Men Do All The Talking In Publications’ Comments Sections

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The ability for readers and journalists to engage in conversation online is often touted as a key achievement of the digital media revolution, but when it comes to the comments section it’s men who are doing most of the talking.

B&T Magazine
Posted by B&T Magazine

New University of Sydney research has found male or pseudonymous voices dominate the comment sections of news stories on 15 news sites internationally including The Guardian, Washington Post and Sydney Morning Herald. Female identified commenters make up as little as three percent of participant voices, and at most 35 percent, based on a sample of news services from Australia, the United States and Britain.

Dr Fiona Martin, senior lecturer in convergent and online media at the University of Sydney, said her findings tally with other research that shows that men dominate conversations in meetings, seminars and other public gatherings, unless those events are organised and run by women.

“Comments can influence opinion. Research suggests negative comments reduce readers’ opinion of an article, so it’s also plausible that an absence of views from women, or migrants or young people could also affect how people interpret online news,” said Martin.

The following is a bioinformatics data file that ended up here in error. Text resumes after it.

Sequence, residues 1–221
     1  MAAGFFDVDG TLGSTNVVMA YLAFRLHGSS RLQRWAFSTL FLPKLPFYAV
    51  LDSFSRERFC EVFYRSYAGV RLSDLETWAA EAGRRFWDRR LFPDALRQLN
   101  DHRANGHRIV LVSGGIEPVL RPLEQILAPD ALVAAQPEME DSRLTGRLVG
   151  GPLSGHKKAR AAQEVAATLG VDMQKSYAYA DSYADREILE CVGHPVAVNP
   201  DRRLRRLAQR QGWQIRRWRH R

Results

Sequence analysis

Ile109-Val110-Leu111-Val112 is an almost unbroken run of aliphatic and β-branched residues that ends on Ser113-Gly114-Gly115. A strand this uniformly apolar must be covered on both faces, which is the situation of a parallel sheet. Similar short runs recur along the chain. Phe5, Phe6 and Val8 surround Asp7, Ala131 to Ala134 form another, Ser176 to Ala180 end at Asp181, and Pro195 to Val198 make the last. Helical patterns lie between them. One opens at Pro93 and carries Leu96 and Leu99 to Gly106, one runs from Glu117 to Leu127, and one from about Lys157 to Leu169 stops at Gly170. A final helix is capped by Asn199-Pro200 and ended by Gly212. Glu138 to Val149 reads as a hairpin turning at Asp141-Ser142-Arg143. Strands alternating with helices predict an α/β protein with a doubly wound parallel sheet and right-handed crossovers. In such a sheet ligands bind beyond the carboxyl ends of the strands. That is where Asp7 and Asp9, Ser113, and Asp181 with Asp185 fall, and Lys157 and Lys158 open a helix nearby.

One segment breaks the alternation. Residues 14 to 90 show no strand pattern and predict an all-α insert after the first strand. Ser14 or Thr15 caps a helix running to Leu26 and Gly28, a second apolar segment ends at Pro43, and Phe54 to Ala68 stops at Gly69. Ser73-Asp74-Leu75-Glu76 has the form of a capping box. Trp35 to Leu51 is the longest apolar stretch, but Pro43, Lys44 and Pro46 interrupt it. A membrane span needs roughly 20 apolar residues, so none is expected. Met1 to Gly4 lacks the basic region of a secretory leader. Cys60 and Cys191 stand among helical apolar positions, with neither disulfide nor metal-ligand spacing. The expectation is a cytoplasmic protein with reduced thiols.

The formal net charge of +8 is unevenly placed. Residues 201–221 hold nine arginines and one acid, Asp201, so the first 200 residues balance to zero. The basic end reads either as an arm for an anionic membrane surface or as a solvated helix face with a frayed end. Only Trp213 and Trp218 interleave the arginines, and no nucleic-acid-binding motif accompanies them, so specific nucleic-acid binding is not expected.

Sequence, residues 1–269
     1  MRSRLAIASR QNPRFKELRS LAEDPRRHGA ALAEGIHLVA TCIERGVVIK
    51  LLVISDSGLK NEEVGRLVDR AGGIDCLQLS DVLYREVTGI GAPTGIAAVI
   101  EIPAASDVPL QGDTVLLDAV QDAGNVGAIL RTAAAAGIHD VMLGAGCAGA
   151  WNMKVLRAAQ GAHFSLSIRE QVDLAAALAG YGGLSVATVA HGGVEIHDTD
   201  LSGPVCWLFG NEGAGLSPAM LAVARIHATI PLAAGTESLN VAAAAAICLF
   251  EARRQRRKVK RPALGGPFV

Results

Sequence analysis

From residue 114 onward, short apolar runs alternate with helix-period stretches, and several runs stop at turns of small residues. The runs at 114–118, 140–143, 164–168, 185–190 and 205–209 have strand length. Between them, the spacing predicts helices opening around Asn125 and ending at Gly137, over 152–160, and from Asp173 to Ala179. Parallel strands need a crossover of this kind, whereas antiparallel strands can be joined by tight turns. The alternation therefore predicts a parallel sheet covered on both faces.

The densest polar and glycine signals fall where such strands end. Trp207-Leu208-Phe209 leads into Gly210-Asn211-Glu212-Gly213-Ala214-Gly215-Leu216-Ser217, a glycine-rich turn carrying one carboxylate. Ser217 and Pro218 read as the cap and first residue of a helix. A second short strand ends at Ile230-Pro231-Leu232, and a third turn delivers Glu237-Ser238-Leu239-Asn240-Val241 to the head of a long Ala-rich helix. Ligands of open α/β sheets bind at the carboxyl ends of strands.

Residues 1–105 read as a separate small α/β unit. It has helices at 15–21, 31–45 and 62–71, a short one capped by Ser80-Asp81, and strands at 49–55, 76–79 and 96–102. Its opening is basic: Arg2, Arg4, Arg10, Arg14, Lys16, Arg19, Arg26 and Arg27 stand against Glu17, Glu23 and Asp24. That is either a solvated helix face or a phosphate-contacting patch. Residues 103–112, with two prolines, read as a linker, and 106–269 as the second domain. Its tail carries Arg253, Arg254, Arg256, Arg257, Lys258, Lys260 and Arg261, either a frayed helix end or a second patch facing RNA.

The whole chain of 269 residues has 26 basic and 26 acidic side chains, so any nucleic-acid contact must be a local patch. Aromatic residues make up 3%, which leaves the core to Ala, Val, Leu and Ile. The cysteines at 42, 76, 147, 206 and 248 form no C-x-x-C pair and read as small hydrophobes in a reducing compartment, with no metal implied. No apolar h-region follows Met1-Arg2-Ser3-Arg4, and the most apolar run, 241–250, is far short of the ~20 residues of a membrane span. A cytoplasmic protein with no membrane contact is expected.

Major international news websites such as the BBC, ABC, Daily Mail and New York Times were included in the study of in-house news comments sections.

Martin said the findings of gender bias in the study should make publishers and policymakers pause to investigate the commercial and diversity implications of this marginalisation of women from the digital public sphere.

“Comments increase user engagement and therefore revenue,” she said. “They also provide extra content, production feedback and quality control. Given there’s significant moderation cost to providing a commenting service it’s important to make sure its appealing to as many users as possible.”

Martin said major news websites not only need to improve moderation to reduce abusive or aggressive commenting, but also explore more interventionist approaches that support conversational interaction. They could also encourage journalists to interact with users more often – particularly to address questions and suggestions.

“Involving more people in the comments, more productively, and making sure the quality of the interaction is civil and rewarding can only have benefits,” she said.